September 26, 2018 2:27:41 am
Sarfaraz’s father, Anil’s partner and Tinku’s wife — strangers with little in common except tales of tragedy — gathered at Jantar Mantar Tuesday morning to protest against sewer deaths and manual scavenging. At the ‘stop killing us’ protest organised by the Safai Karmachari Andolan, names of the men, who died cleaning sewers and sewage treatment plants (STP), reverberated through the air.
Rani (30) and her two children came from Delhi’s Dabri Extension, while Mamta (28) took a train from Ludhiana, and in each other they found solace. As Rani wept on stage looking at Anil’s photo — who died on September 14 while cleaning a sewer in Dabri Extension — Mamta said, “I understand what she’s going through. I lost my husband in 2012… he was cleaning an STP in Ludhiana and died after inhaling poisonous gases. Nothing has changed in the last six years.”
At the four-hour-long protest, slogans such as ‘Jai Bhim’ and ‘Inquilab Zindabad’ were raised, while posters read ‘Mangalyaan goes to the sky, people in sewers forced to die’. As activists and student leaders spoke about the dead, 33-year-old Virender, a manual scavenger, wondered about the living. “I have trouble breathing, I injure myself often, my body has been aching for years… I have been doing this job for 18 years but have never once been given a mask or a safety belt. We are left to die,” he said.
From Khamanon in Punjab came 45-year-old Sukhjeet with the same concerns: “I have been doing this job for 12 years, and earn Rs 6,000 a month… even after all these deaths, we are not provided gloves, masks or safety belts. My brother lost one eye when he entered a sewer and was injured by a wire. Does this happen anywhere else in the world?”
Eleven days after Anil died, a grieving Rani at the protest site said, “No one should die like this… all I want now is to educate my three children, so they don’t end up doing the same work Anil did.”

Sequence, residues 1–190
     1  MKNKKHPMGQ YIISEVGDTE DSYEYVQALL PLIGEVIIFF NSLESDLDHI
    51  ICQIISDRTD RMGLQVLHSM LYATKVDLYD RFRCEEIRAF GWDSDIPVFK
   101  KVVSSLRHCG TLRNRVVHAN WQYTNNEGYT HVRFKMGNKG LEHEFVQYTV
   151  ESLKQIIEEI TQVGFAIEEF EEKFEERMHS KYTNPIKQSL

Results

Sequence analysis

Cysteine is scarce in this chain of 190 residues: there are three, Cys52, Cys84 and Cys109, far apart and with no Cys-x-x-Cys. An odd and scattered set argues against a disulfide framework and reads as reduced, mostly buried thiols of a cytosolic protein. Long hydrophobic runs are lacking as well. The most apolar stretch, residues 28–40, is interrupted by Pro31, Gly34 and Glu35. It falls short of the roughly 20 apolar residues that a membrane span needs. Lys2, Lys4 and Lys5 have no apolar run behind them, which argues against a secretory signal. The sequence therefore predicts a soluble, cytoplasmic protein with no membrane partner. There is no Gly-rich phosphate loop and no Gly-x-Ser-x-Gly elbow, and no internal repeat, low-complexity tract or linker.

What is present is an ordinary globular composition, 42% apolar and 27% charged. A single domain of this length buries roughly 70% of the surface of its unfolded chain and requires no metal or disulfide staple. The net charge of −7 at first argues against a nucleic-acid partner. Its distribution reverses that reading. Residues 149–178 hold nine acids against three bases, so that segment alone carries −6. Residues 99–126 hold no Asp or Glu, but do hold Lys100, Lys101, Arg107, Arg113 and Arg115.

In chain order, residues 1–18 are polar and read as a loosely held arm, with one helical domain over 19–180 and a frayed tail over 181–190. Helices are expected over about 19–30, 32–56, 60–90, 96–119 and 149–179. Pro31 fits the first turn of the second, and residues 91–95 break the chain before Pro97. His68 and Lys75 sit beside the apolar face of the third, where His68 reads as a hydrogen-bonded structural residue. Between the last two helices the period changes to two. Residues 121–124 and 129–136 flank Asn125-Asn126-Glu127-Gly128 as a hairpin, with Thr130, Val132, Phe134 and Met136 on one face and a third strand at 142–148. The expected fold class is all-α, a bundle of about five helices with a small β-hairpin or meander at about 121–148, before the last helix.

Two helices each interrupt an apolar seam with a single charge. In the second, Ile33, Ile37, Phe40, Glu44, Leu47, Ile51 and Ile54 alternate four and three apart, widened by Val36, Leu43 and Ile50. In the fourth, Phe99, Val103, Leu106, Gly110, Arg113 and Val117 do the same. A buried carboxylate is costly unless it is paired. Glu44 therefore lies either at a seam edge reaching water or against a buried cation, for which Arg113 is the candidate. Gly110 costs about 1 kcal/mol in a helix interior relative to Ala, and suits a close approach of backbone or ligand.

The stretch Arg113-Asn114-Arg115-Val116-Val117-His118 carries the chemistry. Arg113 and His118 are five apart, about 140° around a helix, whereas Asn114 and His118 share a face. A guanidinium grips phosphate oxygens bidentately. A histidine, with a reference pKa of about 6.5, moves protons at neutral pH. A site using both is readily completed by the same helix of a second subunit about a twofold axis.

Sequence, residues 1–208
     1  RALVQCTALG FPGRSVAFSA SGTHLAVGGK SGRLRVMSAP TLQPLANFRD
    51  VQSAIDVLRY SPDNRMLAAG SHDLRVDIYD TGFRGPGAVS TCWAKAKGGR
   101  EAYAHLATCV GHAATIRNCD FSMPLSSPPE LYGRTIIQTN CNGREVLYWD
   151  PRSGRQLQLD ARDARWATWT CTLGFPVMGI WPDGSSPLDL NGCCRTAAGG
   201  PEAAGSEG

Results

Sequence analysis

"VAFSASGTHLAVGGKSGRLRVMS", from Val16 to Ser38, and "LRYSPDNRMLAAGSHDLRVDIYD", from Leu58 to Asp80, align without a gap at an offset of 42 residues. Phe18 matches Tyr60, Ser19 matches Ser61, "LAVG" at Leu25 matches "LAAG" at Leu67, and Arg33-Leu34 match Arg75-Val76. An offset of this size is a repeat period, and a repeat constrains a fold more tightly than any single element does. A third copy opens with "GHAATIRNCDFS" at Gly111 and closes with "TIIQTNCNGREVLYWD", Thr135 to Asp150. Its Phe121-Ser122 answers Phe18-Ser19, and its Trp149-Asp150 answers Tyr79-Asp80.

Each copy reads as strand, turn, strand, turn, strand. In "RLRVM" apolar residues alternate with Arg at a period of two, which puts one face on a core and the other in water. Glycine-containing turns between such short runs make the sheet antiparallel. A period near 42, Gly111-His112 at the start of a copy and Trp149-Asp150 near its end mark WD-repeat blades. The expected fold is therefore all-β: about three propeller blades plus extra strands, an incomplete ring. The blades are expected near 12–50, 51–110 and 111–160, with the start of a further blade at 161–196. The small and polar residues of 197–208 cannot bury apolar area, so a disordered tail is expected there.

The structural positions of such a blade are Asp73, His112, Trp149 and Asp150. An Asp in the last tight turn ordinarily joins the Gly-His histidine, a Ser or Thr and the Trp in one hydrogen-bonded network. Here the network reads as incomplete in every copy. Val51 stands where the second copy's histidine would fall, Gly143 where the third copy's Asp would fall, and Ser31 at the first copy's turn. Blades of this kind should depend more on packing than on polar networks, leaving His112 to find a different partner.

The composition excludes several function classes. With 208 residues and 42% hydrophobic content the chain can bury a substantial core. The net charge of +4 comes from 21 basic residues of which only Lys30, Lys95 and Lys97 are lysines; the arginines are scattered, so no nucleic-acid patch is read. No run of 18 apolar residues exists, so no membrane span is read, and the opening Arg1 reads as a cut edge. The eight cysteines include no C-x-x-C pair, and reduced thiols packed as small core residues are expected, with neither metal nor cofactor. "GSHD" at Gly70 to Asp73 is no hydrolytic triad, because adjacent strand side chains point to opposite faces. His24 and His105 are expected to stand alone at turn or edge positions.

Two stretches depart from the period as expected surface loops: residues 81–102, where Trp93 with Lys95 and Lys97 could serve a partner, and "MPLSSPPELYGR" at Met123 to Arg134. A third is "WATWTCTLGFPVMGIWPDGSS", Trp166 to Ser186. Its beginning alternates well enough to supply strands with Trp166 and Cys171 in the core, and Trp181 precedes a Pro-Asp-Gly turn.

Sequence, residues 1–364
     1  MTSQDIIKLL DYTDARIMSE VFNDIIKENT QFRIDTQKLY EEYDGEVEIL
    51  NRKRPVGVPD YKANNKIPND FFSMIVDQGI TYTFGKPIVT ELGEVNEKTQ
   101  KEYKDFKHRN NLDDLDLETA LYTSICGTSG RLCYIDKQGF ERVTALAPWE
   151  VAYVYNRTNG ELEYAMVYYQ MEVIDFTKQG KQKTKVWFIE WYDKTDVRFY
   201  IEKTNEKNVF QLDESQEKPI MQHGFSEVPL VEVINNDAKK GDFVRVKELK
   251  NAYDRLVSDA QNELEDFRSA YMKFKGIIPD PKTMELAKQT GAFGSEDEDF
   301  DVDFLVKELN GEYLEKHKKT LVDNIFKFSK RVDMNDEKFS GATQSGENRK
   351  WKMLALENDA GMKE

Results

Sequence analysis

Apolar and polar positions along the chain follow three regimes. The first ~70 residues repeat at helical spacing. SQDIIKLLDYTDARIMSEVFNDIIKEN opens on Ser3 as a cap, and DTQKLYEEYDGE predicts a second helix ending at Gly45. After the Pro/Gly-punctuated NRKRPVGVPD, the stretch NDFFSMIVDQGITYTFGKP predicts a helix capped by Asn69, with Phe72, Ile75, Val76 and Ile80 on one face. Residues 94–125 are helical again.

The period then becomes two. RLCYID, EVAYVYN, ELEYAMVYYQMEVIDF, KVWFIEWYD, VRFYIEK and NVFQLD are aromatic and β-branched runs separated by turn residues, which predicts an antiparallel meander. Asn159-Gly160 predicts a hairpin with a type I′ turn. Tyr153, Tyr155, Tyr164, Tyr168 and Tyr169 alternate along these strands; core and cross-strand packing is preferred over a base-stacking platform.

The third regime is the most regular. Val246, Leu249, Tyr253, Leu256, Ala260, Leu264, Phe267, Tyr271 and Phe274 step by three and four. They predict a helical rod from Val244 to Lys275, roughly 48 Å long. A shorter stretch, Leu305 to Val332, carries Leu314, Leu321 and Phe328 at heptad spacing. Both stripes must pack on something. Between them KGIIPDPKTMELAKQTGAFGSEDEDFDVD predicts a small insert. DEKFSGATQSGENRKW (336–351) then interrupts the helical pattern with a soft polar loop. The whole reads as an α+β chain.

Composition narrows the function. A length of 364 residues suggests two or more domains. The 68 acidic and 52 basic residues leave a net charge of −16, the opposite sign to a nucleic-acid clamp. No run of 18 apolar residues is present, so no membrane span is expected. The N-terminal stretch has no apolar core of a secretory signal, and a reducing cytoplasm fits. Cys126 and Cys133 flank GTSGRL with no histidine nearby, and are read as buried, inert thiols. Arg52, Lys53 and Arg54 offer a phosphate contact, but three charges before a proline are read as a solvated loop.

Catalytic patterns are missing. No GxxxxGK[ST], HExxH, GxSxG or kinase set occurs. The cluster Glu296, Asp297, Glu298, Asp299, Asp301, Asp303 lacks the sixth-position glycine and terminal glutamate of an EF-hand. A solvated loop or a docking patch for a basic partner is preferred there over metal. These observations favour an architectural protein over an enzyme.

In attendance were politicians Brinda Karat, Subhashini Ali and D Raja, activists Kavita Krishnan and Nikhil Dey, writer Arundhati Roy and student leaders Umar Khalid and N Sai Balaji. “You have heard about Rafale, Bullet trains… but have you heard of a machine that can clean sewers?” asked Dey, while Khalid termed the deaths “murders”. National convener of the Safai Karmachari Andolan, Bezwada Wilson, called sewers’ “death chambers”, as protesters set fire to three black cardboard sewage models with “death” written on them in bold.
Seated next to a ‘Jai Bhim’ poster was Kamleshwar (55), a ragpicker from Ludhiana, with his 17-year-old son Armaan’s last photograph. “He was forced to go into the STP of a hotel in Ludhiana where he used to work, on December 11 last year… he died after inhaling gases. You’ve heard this before, haven’t you? We got no compensation, no justice… you’ve heard this before, too, haven’t you?” he asked.
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